Portland Police Chief Frank Clark speaks with a reporter after a Wednesday press conference outside City Hall.

PORTLAND, Maine — Police officers appeared at the home of a journalist Tuesday morning, telling his wife they planned to arrest him for criminal mischief.

The journalist said the accusations were trumped up and believes the visit was stoked by two recent tweets he made that were critical of the police.

Christian Milneil, a data journalist for the Boston-based StreetsBlog MASS, took footage of the police officers from the upstairs of his Portland home and documented the incident on Twitter.

The officers allegedly spoke to Milneil’s wife, who found them on the porch when she returned from an errand. One was uniformed, the other wore a polo shirt.

Jes Milneil told the officers they needed a warrant to arrest Milneil.

“They told me they were just trying to help him out, and that he should, ‘Be a man and come down here,’” Jes Milneil said, referring to statements allegedly made by the officer in the polo shirt.

According to her, the uniformed officer said, “We know [Milneil has] preconceived notions about the police, we know that as a fact.”

Jes Milneil said her heart was in her throat.

“How could they know what I think about cops?” she said.

Within hours after Christian Milneil documented the incident, the city of Portland tweeted that he is suspected of vandalizing a building in his neighborhood with graffiti. Police tweeted that officers were there to serve him a court summons for criminal mischief.


A city spokesperson did not specify which building, but Christian Milneil said he believes they’re referring to a low-income housing complex operated by Avesta Housing on the corner of Oxford and Boyd streets known as the Bayside Anchor building. The building has a community policing substation in it. As of Tuesday, a BDN reporter found no graffiti there.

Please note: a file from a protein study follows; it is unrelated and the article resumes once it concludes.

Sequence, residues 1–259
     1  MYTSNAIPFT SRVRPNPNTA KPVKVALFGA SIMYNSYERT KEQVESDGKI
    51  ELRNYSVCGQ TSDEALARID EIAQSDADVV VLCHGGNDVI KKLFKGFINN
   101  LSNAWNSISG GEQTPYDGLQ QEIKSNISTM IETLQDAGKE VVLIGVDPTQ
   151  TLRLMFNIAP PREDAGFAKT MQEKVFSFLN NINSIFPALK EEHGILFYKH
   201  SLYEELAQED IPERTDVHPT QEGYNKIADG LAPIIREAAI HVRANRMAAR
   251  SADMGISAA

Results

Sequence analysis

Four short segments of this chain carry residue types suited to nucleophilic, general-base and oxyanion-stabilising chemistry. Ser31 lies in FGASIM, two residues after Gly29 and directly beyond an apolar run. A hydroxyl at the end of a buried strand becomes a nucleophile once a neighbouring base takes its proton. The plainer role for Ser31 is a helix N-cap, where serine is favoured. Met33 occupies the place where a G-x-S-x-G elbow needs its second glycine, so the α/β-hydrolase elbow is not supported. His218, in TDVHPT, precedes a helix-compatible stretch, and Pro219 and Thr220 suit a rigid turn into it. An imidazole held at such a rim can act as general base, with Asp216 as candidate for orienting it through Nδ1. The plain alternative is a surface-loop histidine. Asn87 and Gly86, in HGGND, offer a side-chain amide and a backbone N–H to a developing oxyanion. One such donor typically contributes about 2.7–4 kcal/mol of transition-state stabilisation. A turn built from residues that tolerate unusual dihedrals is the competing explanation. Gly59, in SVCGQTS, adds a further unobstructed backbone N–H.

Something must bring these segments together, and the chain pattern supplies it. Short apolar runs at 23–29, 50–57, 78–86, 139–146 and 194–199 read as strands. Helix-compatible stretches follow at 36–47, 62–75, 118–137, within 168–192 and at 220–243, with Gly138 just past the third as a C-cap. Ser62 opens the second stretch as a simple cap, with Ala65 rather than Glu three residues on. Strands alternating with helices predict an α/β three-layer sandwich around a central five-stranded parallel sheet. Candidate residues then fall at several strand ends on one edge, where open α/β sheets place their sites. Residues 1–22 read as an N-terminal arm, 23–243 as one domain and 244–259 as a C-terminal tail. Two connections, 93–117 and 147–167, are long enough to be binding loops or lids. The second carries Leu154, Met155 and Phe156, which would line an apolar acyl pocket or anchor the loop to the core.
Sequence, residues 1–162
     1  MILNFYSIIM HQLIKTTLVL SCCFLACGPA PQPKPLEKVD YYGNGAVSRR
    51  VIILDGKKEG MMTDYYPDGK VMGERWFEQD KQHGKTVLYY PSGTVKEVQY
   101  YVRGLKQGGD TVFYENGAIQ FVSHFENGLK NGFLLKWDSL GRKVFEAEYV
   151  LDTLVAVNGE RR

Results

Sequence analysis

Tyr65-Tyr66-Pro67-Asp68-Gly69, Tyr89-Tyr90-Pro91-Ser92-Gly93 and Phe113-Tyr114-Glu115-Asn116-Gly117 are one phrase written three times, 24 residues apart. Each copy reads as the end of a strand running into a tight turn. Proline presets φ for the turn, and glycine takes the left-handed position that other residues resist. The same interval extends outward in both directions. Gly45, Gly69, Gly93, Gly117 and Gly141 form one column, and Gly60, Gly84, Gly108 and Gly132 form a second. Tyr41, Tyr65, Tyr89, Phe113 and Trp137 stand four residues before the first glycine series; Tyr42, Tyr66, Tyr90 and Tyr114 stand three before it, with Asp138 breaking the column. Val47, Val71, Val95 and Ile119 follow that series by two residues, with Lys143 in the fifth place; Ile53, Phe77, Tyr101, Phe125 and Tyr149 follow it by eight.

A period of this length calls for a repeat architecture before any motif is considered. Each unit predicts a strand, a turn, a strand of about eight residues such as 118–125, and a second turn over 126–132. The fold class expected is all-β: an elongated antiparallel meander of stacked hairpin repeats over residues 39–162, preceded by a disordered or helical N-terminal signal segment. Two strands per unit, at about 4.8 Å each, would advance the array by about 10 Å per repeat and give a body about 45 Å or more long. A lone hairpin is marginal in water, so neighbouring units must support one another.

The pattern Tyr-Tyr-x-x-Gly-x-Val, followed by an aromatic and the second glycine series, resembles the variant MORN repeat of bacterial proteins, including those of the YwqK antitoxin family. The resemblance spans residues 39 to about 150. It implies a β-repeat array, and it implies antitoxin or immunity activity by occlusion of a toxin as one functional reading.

Christian Milneil denied any role in the vandalism.

“It’s definitely not me. The notion that I would vandalize a building that I was a big advocate for is absurd,” he said. “That’s not my style of activism or advocacy. There are much more effective ways of saying that the police are overfunded.”

Christian Milneil sits on the board of the Portland Housing Authority, which is in part responsible for the building.

Christian Milneil said the police can’t press charges about observations he has made on social media, so they’re trying to wrongfully charge him for vandalism instead.

“They’re spending way too much time arresting or harassing homeless people,” he said. “I think that’s actually what they’re upset about.”

Christian Milneil tweeted Monday night about Standish, a Maine town that he said has defunded its local police, and relies on “lightly-staffed county sheriffs for law enforcement.” Last week, he also posted about a Portland police officer who fatally shot Chance David Baker, a 22-year-old black man, in a confrontation in a parking lot.

“Just a reminder: Sgt. Nicholas Goodman, the #PortlandME cop who shot and killed Chance David Baker for carrying a BB gun in 2018, ALSO escalated a traffic stop and shot and killed another victim in May 2008,” Milneil’s tweet reads.

Calls to defund the Portland Police Department have been a chief demand in multiple protests in Portland since May 29. On Friday, an estimated 2,000 people attended a protest organized by Black Lives Matter Portland, which called for city officials to divert funds earmarked for law enforcement to schools, jobs and social services.

The Milneils have attended some of those protests. On Friday evening, Christian Milneil and his wife and their two children attended one organized by Black Lives Matter Portland.